The Party Crasher

By: Sophie Kinsella

It’s been over two years since Effie’s beloved parents got divorced, destroying the image of the happy, loving childhood she thought she had. Since then, she’s become estranged from her father and embarked on a feud with his hot (and much younger) girlfriend, Krista. And now, more earth-shattering news: Greenoaks, the rambling Victorian country house Effie called home her whole life, has been sold.

When Krista decides to throw a grand “house cooling” party, Effie is originally left off the guest list–and then receives a last-minute “anti-invitation” (maybe it’s because she called Krista a gold-digger, but Krista totally deserved it, and it was mostly a joke anyway). Effie declines, but then remembers a beloved childhood treasure is still hidden in the house. Her only chance to retrieve it is to break into Greenoaks while everyone is busy celebrating. As Effie sneaks around the house, hiding under tables and peeping through trapdoors, she realizes the secrets Greenoaks holds aren’t just in the dusty passageways and hidden attics she grew up exploring. Watching how her sister, brother, and dad behave when they think no one is looking, Effie overhears conversations, makes discoveries, and begins to see her family in a new light. Then she runs into Joe–the love of her life, who long ago broke her heart, and who’s still as handsome and funny as ever–and even more truths emerge.

Note – Thanks to Random House Publishing and NetGalley for this eARC in return for an honest review. 

I have always liked Sophie Kinsella. I was a huge fan of the Shopaholic series. I found it sweet, endearing and witty. So, I had high hopes for this book.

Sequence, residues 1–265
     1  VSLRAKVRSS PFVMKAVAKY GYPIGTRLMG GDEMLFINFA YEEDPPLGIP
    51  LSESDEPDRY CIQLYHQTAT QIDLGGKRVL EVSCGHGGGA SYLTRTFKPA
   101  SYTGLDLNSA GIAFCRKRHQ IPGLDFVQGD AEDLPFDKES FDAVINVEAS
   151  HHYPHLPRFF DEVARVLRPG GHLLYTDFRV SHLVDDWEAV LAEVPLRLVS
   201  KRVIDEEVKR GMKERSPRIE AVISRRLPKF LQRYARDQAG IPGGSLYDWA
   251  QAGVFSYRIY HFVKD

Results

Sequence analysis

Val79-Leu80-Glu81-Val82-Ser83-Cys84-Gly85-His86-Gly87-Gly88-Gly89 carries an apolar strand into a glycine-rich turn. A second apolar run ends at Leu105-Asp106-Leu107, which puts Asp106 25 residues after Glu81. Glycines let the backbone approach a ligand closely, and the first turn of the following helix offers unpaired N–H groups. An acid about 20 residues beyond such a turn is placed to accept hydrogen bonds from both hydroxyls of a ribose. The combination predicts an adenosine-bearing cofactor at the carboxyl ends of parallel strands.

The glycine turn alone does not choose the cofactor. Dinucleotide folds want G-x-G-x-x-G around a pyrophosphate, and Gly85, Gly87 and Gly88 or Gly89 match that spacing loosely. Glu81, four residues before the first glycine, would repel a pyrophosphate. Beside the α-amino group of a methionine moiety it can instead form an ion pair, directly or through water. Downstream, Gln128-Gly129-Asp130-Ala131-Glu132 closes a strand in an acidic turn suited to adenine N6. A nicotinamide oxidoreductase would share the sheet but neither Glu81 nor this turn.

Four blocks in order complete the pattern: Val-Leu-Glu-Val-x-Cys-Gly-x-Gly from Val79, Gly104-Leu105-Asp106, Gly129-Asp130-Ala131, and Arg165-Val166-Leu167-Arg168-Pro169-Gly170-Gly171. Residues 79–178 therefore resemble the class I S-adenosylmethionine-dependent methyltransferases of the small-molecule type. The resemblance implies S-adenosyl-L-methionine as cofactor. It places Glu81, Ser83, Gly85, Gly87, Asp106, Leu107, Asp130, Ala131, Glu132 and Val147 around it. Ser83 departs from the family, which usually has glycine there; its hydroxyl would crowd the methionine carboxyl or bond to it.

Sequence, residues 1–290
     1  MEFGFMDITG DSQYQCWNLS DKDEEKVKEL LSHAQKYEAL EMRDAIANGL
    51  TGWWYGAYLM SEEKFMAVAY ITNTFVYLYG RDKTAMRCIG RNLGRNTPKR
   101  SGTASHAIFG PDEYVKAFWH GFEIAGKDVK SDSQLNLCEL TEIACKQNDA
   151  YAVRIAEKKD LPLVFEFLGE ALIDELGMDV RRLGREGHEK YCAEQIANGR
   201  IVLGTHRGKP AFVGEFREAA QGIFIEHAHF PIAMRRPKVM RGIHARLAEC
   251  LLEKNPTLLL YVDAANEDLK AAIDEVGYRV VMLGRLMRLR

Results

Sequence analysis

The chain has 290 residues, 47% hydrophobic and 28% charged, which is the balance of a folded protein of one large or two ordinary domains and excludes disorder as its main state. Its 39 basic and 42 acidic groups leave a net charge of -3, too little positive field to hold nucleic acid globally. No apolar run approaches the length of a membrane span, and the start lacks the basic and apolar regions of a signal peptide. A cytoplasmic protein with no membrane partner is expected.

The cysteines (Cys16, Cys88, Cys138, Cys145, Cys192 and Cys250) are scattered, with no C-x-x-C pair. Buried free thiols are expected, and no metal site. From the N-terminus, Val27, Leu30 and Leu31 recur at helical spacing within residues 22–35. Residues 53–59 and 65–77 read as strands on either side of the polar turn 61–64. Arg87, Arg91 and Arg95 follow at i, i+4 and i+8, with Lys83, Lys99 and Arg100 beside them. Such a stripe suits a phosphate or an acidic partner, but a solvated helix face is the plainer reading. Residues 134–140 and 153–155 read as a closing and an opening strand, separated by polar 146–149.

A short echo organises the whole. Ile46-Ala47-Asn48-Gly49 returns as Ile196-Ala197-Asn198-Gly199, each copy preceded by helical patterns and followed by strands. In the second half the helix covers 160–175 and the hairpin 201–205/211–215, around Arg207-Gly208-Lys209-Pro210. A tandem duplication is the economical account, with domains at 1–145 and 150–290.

Honestly, I can always tell I struggled with a book when I go to write the review and find that not much of the book stuck with me. 

First, it took me a while to get into this book. Once there, however, it was cute. Nothing super special and nothing quite as charming as The Shopaholic series. Effie is a cute albeit underwhelming main character way too focused on her Dad and step-mom’s divorce. She seems to have tunnel vision where this situation is concerned when she could devote some of her attention to her own life.

Her sister, Bean, is charming and almost annoyingly optimistic. Her brother, Gus, seems to have his head in the clouds, oblivious to what is going on with his family. The stepmom, Mimi, is a bit of a mystery later on in the book, not acting at all like she’s just been through a divorce. And her dad is ridiculously obsessed with his new, bouncy girlfriend, he doesn’t see his family falling apart. The idea of him allowing Krista to rule over his family, regardless of her intentions, was frustrating in the extreme. I wanted to snap her spandex as much as I wanted to slap Effie’s dad. Him sitting silent while several guests bashed his youngest child was infuriating. 

The main theme of this book is family dynamics, or family dysfunction. There’s a lot these characters say to each other that isn’t heard and a lot unspoken that speaks volumes. I thought the premise of Effie running around and hiding in her former house was only going to be part of the story. I didn’t realize it would be the whole story so some disappointment there. 

There was a nice chemistry between Effie and Joe and some memorable moments, like when Bean finally loses it, smashing plates and all, towards the climax of the book. But that’s probably the very best moment in the book. 

Overall, I found this a little silly. A grown woman creeping around at a party her family is attending so she can find a childhood toy felt a little immature for a writer who’s produced some real gems. Not upset I read it but this is a one and done for me. 

⭐ ⭐ ⭐